Tracking economic policy and poverty outcomes in Mongolia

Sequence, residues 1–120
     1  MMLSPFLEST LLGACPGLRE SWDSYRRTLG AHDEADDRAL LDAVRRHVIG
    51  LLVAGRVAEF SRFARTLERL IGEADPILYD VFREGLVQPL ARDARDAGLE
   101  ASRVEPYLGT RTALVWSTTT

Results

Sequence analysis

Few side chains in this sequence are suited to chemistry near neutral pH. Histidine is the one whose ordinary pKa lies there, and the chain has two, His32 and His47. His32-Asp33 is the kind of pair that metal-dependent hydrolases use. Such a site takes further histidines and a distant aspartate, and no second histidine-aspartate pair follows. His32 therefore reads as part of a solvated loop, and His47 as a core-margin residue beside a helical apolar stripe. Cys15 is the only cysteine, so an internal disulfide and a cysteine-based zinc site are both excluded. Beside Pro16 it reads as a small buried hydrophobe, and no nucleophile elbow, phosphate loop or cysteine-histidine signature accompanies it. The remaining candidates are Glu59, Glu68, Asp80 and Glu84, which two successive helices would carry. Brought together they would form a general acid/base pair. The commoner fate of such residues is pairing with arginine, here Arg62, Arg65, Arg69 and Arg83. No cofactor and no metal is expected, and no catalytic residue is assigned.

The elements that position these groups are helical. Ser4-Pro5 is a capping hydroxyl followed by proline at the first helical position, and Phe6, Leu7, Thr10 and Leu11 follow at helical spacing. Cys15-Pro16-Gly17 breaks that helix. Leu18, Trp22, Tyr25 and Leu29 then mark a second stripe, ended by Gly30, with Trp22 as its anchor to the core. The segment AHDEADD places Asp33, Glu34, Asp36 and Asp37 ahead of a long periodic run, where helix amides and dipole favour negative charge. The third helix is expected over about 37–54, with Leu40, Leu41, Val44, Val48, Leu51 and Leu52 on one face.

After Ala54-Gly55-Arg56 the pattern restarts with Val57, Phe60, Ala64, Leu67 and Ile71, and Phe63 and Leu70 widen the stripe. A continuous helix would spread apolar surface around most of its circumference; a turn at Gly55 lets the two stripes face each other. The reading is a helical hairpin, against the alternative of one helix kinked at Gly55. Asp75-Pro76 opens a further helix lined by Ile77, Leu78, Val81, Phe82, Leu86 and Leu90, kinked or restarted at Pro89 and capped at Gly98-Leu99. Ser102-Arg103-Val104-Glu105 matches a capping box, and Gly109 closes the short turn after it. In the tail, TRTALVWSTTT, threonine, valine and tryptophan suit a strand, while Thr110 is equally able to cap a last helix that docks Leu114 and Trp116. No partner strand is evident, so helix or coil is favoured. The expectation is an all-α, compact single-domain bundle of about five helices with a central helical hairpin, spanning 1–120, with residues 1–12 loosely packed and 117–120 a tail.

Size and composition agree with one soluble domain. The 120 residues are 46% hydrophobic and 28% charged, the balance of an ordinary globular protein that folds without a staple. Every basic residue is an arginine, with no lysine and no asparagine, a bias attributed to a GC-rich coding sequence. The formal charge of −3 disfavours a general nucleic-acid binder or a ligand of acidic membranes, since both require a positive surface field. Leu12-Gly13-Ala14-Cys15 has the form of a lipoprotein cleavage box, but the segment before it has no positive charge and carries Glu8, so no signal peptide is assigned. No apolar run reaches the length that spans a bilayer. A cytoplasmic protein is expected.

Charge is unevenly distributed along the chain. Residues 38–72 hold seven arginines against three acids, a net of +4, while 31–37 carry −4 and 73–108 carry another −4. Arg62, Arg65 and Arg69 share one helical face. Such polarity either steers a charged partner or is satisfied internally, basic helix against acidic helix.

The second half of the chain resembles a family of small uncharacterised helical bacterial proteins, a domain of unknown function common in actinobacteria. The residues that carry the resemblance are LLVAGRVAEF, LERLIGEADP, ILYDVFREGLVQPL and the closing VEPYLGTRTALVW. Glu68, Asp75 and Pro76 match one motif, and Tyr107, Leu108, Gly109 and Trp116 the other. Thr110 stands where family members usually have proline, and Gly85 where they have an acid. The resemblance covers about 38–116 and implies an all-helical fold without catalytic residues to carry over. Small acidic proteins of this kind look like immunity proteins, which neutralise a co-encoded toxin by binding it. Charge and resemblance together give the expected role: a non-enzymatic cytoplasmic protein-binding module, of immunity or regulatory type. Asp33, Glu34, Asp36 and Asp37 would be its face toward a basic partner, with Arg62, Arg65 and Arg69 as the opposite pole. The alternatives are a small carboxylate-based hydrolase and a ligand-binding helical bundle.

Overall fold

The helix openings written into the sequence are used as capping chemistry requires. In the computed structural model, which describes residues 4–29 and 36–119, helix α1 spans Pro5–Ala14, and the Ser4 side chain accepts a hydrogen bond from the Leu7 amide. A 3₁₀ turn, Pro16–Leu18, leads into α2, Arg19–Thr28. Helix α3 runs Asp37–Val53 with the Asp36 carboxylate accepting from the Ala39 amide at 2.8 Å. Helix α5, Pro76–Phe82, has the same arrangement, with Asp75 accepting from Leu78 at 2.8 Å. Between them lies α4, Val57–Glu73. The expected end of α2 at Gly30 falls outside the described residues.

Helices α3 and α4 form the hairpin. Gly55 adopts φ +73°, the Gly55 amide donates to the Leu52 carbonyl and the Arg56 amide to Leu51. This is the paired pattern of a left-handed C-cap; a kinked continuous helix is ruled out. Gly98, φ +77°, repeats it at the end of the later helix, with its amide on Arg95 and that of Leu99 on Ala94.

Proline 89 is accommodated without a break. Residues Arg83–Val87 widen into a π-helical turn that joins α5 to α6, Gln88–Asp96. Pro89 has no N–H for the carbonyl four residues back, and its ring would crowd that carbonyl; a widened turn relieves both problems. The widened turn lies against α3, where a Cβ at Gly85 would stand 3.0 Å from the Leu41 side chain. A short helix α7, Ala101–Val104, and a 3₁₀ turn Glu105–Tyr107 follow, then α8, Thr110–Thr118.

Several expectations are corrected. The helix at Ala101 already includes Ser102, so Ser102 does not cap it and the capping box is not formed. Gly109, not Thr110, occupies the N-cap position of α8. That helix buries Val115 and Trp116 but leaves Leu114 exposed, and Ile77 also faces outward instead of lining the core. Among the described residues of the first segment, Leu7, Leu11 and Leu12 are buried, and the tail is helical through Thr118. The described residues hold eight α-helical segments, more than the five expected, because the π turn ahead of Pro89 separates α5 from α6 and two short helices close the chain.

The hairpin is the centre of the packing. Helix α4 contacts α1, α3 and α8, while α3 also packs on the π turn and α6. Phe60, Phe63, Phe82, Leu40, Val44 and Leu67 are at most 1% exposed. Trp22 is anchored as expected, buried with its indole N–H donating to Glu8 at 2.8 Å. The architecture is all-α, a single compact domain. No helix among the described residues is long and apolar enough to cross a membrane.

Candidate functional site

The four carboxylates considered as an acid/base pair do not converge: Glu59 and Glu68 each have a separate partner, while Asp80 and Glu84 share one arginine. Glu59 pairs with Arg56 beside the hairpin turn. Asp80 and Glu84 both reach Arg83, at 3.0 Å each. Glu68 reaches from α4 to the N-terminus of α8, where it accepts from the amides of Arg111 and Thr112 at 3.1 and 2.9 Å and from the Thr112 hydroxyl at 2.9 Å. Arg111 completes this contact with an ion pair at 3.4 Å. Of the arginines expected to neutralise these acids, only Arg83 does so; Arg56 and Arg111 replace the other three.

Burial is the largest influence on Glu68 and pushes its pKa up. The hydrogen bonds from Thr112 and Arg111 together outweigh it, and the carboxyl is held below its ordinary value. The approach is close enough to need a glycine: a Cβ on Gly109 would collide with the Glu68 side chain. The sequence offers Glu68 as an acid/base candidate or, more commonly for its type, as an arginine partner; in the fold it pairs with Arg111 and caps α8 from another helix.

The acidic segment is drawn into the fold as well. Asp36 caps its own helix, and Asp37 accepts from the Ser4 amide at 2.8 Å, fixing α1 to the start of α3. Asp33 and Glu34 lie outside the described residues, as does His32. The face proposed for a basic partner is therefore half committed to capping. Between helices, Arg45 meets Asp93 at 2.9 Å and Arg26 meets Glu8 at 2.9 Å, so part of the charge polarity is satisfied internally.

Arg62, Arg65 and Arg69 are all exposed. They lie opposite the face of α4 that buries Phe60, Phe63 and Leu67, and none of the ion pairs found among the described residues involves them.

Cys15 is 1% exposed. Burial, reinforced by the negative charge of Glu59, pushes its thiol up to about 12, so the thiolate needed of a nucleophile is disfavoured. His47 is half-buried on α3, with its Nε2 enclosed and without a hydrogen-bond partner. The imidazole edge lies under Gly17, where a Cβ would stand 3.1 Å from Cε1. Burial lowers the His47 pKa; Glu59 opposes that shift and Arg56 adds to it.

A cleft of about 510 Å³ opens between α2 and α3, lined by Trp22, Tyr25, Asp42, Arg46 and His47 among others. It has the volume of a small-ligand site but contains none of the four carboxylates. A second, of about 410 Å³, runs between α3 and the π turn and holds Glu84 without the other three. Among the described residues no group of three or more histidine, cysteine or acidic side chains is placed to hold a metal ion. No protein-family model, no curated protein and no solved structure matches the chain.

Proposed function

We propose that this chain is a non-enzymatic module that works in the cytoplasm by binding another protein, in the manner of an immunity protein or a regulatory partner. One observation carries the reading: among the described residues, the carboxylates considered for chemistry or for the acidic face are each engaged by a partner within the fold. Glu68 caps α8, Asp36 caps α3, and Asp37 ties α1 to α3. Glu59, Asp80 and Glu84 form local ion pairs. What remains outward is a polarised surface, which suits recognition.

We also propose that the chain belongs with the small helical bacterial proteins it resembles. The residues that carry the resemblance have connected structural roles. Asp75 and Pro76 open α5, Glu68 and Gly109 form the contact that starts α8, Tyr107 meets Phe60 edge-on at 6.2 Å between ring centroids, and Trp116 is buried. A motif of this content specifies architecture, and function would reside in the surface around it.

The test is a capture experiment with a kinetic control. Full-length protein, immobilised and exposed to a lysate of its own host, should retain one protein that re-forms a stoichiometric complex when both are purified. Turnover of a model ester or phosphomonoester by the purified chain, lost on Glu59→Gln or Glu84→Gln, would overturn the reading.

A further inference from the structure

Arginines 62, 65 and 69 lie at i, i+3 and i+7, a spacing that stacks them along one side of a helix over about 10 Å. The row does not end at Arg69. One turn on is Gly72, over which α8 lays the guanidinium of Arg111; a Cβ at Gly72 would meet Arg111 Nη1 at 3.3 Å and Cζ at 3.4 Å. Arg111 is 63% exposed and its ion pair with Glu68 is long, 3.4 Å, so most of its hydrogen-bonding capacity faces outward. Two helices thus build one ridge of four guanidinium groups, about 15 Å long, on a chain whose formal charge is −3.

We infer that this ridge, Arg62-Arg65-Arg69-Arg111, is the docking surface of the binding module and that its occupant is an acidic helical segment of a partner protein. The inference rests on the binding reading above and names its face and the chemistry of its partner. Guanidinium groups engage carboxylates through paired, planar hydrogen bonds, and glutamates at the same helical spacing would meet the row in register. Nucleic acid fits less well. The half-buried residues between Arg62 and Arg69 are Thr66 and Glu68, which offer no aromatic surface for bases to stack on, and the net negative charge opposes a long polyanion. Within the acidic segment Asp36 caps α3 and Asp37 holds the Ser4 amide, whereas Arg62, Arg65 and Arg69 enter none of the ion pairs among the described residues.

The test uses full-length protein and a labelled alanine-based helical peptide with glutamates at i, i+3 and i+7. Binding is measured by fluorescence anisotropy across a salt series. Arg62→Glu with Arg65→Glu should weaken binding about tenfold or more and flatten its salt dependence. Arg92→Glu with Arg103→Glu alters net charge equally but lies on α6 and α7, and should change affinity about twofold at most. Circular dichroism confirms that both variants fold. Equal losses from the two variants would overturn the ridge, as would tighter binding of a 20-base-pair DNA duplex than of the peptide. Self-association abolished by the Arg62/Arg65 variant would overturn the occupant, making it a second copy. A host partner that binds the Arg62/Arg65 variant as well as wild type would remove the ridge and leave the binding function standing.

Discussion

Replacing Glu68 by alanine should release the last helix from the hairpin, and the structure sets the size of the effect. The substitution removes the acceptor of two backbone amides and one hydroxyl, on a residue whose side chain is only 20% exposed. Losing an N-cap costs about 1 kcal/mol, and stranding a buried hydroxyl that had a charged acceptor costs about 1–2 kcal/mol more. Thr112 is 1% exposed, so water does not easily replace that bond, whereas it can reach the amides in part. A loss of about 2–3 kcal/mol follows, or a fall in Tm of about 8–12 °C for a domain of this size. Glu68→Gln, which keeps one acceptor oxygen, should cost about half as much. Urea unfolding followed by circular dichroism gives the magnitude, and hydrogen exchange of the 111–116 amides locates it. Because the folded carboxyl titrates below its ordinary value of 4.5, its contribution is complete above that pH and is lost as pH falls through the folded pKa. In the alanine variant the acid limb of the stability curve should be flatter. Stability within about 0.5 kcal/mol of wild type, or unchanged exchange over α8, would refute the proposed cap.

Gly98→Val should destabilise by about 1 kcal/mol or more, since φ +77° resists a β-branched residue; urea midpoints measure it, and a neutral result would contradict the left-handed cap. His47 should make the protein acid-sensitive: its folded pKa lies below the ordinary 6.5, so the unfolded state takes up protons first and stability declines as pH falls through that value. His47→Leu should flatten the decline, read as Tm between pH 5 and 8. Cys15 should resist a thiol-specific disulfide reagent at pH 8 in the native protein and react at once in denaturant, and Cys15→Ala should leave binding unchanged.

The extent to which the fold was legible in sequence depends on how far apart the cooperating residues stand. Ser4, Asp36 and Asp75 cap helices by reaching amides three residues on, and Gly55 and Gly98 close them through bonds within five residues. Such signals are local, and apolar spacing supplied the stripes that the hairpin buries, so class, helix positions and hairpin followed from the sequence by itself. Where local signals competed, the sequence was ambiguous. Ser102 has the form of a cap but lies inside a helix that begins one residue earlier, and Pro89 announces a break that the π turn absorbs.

Mongolia’s transition strategy is unique in Asia and has been accompanied by very high levels of poverty. For these reasons, policy choices have been the focus of substantial national and international attention. This paper examines the relationship between these policy choices and the evidence on which they were based. The salient features of Mongolia, its transition and the evolution of its policy stance are presented first. This is followed by an examination of the poverty surveys, undertaken in 1995, 1998 and 2002, and their degree of comparability. The paper then maps poverty outcomes back to policy choices using standard analytical techniques. These include a growth-inequality decomposition, the compilation of pro-poor growth statistics and the derivation of growth incidence curves. The results of these analyses demonstrate severe weaknesses in the evidential record and in the degree of transparency with which this has been presented by those agencies responsible for undertaking the poverty surveys, principally the Mongolian Statistical Office and the World Bank. Nevertheless, we conclude that there has been poverty reduction in Mongolia although this is based on a ‘trickledown’ effect and the reduction would have been greater had more attention been paid to managing inequality.
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